But now to the other really important part: the cabinets. I chose to use IKEA cabinets because of their high customer satisfaction rating. I have two friends with IKEA kitchens and they’re both very happy. A local company, ModerNash operates as an importer of IKEA goods to Nashville (because we don’t have our own) as well as a kitchen design and installation store. So, because they are experts on all the nuances of IKEA kitchens, I had them measure and design the space to my specifications. Namely, moving the appliances to where they made sense and making the space more functional. In the process, I lost a double oven (I didn’t like losing the space on a 30″ cooktop for the controls), but I think this will work just fine. Besides, I have a great Breville toaster oven!

Here’s the mock-up of the kitchen layout:

kitchenrendering

It’s changed some since this rendering; there was a miscommunication on the size of the slide-in range as well as the microwave, so now it’s back at 30″ wide for both (no filler panels) and a 15″ tall cabinet over the microwave. Note that now the range is a shorter distance from the sink (for pot filling and draining) and that the refrigerator has been moved out of the primary workspace (and the sink is also accessible without having to pass by the range). It’s a full-on functional work triangle! I take items from the fridge and either place them on the cabinet by the range or on the island (which will be removable). Also, not shown here is that the peninsula cabinets are all drawers. For all my many food storage containers (both plastic and glass).

The tricky part of the kitchen is the cabinets themselves. I’d pretty much decided on the Adel, but when I saw it in person, I saw that it was white laminate. It looked pretty cheap to me. No offense to Adel owners, but that’s just not what I wanted. So I opted for the Orsa birch, which will be painted white. This is a huge PitA, but I’ll have real wood cabinets, which is important to me (even though they’ll be painted white). Sixty-eight pieces of cabinetry (including the laundry room) that need to be primed (twice) and painted is a lot of painting (and a lot of time, particularly when waiting on them to cure between coats). Aside from the painting, the other tricky part is having the cabinets look right with the soffits, which are uneven. But I’ve been assured that “it will look great.”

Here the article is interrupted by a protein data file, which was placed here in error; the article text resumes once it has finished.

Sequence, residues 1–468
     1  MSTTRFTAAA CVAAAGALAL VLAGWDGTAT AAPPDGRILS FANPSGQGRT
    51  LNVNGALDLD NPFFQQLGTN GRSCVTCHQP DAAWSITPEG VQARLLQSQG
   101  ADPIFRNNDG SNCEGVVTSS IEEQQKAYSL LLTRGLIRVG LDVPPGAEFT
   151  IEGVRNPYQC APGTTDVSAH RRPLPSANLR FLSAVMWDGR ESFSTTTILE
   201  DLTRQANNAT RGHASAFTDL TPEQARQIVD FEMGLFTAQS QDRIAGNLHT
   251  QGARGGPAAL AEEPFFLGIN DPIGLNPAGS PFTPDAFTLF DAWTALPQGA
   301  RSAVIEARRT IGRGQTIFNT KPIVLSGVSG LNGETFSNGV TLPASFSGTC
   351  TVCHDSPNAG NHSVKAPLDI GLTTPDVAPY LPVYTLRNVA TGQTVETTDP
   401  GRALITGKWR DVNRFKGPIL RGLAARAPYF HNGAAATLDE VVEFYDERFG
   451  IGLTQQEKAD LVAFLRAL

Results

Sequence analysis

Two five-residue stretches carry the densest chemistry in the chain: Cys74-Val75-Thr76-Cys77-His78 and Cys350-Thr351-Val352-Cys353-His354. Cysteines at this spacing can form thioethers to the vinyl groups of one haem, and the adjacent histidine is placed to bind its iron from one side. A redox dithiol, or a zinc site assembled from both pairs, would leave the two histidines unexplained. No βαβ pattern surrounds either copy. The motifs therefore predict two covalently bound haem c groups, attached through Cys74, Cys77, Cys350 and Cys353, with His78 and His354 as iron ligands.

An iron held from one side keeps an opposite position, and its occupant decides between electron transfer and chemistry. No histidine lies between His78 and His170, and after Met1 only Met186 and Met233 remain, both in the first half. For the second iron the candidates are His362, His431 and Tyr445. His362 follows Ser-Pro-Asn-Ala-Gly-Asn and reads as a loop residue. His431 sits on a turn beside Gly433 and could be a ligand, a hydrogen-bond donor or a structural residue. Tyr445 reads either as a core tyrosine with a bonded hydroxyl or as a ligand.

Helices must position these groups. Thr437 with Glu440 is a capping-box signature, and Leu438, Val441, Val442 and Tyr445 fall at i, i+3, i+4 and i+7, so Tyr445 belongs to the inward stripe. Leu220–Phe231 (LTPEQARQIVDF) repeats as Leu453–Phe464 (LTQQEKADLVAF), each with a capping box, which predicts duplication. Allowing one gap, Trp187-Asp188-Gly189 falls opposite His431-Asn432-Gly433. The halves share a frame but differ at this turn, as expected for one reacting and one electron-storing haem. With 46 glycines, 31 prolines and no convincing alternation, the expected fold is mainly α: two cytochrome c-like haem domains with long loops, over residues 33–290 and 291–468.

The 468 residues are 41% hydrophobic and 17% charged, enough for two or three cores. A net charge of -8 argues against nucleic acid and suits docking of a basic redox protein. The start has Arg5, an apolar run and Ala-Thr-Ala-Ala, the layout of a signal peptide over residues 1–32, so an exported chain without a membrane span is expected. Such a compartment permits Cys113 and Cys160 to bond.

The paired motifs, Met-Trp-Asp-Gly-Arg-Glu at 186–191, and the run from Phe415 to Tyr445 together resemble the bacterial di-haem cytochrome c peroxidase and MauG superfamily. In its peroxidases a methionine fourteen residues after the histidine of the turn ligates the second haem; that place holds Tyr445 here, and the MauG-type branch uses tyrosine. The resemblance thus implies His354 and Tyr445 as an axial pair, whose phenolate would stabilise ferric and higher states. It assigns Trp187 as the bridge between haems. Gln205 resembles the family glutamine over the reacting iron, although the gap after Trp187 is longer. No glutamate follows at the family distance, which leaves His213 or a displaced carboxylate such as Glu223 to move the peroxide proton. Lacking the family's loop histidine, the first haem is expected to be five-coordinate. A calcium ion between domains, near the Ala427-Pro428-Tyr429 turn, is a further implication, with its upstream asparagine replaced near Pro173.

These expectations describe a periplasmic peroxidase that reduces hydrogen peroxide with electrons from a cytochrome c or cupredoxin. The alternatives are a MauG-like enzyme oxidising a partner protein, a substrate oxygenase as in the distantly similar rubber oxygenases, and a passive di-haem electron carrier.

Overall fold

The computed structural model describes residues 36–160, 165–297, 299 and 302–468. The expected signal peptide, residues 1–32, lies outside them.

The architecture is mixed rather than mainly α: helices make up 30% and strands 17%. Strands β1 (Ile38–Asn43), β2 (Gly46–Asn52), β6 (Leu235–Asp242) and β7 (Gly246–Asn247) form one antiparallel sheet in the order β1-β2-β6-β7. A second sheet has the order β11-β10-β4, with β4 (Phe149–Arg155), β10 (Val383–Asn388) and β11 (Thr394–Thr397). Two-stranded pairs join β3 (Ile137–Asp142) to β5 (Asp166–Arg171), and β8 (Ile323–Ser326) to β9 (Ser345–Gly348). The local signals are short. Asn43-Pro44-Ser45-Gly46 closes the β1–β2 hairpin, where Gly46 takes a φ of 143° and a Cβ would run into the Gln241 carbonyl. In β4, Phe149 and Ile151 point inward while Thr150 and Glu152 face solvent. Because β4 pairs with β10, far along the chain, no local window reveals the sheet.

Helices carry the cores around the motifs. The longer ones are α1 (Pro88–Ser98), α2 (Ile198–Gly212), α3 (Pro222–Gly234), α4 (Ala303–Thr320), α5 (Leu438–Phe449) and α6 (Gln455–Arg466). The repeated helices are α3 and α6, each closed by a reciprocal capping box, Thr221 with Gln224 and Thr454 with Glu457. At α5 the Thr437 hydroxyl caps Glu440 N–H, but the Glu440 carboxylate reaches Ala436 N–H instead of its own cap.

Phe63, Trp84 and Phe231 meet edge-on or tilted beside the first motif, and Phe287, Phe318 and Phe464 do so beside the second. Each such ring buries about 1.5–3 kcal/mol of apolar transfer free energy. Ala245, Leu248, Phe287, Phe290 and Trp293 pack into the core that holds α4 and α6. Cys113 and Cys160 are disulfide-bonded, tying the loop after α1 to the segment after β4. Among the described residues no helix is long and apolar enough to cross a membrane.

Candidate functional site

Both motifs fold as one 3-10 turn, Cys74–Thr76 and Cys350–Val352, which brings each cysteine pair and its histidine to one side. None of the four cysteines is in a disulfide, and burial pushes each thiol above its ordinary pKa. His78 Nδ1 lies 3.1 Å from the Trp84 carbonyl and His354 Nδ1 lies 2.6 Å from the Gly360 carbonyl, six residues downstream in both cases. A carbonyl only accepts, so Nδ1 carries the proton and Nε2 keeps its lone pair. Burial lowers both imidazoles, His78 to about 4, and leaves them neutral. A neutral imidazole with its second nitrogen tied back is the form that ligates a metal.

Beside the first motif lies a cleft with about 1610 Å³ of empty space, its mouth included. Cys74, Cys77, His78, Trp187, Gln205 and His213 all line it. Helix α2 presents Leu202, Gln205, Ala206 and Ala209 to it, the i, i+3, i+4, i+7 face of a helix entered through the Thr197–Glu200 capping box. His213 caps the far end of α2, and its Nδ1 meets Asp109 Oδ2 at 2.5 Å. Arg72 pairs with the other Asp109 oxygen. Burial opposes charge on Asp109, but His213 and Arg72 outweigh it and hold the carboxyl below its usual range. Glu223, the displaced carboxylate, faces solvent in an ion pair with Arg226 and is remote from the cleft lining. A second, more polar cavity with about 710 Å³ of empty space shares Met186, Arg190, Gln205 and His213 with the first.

Here are some pictures of the demolition, which we did ourselves (with some help from PopPop Eats):

You know how they always attack cabinets with sledgehammers? Now I know why: stripped screws and 4x4 tile. Sledgehammers are the only way.

You know how they always attack cabinets with sledgehammers? Now I know why: stripped screws and 4×4 tile. Sledgehammers are the only way.

 

Over the course of a couple of days, we got all the cabinets and tile out and all the flooring out, too. Not bad!

Over the course of a couple of days, we got all the cabinets and tile out and all the flooring out, too. Not bad!

But there was still more to rip out. All the drywall had to be replaced; some due to tears from the tile removal, some due to rot and water damage.

But there was still more to rip out. All the drywall had to be replaced; some due to tears from the tile removal, some due to rot and water damage.

 

Finally starting to look like it's ready for cabinets. Note that the floors are finally clean. Two days of sanding with a diamond head floor sander (messy and loud) finally got rid of 40 years of mastic and vinyl glue. Ready to be stained!

Finally starting to look like it’s ready for cabinets. Note that the floors are finally clean. Two days of sanding with a diamond head floor sander (messy and loud) finally got rid of 40 years of mastic and vinyl glue. Ready to be stained!